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Law Firm By Day, Tackle Football By Night


Working at a law firm is a time-consuming job in itself; for Sterne Kessler's Shannon Whitehead, it's just part of a week that also includes practicing and playing full-contact football.

Shannon's an offensive guard for the District's female tackle football team, the DC Divas. The team's the first in the Women's Football Alliance to be back-to-back national champs, after winning last weekend's 2016 WFA championship.

The Divas have also met the Obamas at the White House and have a documentary about them debuting at Sundance this fall. (They watched a preview of the film a few weeks ago, and hope to take the entire team out to the film festival in Colorado.)


"It's like a second family," Shannon says. They spend about 10 to 15 hours a week practicing together, followed by games on the weekends. On top of that are hours spent studying plays and watching film of practices and games.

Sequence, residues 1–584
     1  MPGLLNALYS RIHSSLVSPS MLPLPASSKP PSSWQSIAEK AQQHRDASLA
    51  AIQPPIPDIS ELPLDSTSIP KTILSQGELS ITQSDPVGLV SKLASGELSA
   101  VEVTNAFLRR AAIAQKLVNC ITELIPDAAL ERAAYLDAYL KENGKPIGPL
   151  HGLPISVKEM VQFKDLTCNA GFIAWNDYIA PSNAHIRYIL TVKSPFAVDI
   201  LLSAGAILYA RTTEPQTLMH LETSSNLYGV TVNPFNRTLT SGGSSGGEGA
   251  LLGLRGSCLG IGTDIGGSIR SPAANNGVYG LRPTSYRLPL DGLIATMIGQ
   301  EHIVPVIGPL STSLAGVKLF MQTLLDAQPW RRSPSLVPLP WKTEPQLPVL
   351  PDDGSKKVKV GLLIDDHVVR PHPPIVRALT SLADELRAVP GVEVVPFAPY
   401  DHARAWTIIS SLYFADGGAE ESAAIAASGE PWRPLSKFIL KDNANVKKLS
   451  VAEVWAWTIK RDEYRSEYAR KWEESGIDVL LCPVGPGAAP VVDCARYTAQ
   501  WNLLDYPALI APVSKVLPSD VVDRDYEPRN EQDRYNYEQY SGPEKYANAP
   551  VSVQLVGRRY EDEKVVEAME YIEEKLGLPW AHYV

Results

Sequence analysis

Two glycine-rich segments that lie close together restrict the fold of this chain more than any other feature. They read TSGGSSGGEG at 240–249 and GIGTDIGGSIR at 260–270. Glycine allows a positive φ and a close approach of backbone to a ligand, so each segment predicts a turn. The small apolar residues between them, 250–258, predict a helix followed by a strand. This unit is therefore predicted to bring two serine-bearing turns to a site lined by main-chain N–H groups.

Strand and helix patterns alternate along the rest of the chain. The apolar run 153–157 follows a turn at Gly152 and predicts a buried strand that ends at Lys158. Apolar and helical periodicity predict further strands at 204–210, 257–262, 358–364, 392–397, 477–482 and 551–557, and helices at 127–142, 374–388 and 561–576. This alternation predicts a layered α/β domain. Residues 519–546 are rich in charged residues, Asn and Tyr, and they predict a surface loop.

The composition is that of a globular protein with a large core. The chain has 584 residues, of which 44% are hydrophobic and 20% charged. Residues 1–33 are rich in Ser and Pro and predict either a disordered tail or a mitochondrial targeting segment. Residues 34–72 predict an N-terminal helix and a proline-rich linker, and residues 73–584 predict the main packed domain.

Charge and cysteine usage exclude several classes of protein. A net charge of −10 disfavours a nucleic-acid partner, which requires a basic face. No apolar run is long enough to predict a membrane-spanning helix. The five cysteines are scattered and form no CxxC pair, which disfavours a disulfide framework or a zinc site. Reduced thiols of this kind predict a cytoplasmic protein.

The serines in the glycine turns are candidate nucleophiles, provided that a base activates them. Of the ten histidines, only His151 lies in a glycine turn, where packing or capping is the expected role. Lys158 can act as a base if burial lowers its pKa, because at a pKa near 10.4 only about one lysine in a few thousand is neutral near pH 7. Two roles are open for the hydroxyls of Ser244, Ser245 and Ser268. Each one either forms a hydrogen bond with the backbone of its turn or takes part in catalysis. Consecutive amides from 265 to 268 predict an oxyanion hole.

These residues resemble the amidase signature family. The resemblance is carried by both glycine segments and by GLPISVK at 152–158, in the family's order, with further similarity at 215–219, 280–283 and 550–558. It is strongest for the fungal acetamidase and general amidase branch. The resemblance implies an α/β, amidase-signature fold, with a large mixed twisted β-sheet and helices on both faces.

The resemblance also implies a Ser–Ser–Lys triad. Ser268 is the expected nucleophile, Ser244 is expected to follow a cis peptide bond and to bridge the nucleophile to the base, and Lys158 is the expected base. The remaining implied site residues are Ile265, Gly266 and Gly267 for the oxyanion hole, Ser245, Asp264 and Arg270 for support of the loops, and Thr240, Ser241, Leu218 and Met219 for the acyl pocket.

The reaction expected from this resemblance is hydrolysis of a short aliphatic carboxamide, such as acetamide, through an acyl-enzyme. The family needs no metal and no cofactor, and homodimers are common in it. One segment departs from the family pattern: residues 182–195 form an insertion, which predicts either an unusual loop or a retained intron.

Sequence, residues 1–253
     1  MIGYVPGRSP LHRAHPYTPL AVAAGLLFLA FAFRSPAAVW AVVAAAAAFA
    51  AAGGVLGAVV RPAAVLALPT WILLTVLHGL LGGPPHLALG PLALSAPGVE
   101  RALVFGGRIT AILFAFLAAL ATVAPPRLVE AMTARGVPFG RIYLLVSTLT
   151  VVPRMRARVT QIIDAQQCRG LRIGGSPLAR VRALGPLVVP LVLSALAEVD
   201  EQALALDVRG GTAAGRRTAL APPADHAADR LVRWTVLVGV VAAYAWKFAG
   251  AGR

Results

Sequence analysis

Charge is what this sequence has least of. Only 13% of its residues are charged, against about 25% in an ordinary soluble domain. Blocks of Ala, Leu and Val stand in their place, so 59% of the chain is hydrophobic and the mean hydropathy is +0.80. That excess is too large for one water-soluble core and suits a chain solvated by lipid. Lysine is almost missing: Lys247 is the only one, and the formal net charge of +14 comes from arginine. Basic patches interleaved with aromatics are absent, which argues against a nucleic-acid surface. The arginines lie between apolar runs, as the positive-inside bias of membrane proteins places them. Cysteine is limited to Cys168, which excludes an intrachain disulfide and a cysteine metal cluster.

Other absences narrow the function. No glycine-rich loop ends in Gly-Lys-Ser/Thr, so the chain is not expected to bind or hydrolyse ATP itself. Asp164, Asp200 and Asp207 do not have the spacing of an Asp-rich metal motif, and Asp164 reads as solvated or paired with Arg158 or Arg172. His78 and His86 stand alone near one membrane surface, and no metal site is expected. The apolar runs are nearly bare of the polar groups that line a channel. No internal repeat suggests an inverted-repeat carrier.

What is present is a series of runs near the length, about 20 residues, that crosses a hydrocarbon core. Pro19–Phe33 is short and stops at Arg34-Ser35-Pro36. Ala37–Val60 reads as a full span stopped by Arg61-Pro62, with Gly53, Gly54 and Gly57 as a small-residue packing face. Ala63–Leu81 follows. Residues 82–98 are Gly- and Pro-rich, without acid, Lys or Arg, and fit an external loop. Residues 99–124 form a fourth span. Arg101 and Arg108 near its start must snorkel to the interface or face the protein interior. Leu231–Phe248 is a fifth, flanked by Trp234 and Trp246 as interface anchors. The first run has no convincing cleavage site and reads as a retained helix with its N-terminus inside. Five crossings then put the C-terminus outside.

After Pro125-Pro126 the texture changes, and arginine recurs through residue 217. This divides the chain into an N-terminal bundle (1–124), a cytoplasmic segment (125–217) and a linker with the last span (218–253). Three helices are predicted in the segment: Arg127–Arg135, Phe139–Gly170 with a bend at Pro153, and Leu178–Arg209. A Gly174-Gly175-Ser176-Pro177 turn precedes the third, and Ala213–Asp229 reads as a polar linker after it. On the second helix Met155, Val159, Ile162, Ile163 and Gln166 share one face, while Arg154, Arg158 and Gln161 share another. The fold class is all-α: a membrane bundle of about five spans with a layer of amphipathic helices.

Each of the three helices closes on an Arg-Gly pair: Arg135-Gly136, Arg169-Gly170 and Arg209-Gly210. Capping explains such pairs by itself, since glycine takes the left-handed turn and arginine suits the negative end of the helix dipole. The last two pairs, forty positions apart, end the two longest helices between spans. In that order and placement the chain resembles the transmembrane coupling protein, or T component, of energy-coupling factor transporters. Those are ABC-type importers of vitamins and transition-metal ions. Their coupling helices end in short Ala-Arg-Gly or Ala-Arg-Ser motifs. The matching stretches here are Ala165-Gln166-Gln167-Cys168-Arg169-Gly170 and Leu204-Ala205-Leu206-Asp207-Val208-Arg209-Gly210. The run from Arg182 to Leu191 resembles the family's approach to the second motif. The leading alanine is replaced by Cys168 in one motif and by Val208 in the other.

Shannon also attends training camps, most recently one in March hosted by the New Orleans Saints. She's planning on trying out for the USA Football's 45-member Women's National Team, which competes against international teams every four years.


Unlike the hefty salaries of NFL teams, WFA teams are entirely unpaid. Each player has a day job, which Shannon tells us run the gamut: a detective, teachers, IT professionals. She's a billing specialist for Sterne Kessler. Shannon's been playing for two years (coincidentally, or maybe not, the two the team won the championship) but others have played for more than a decade.

She hopes to pave the way for other women and girls who want to play football. "When given the chance, women can play this game as well as men can."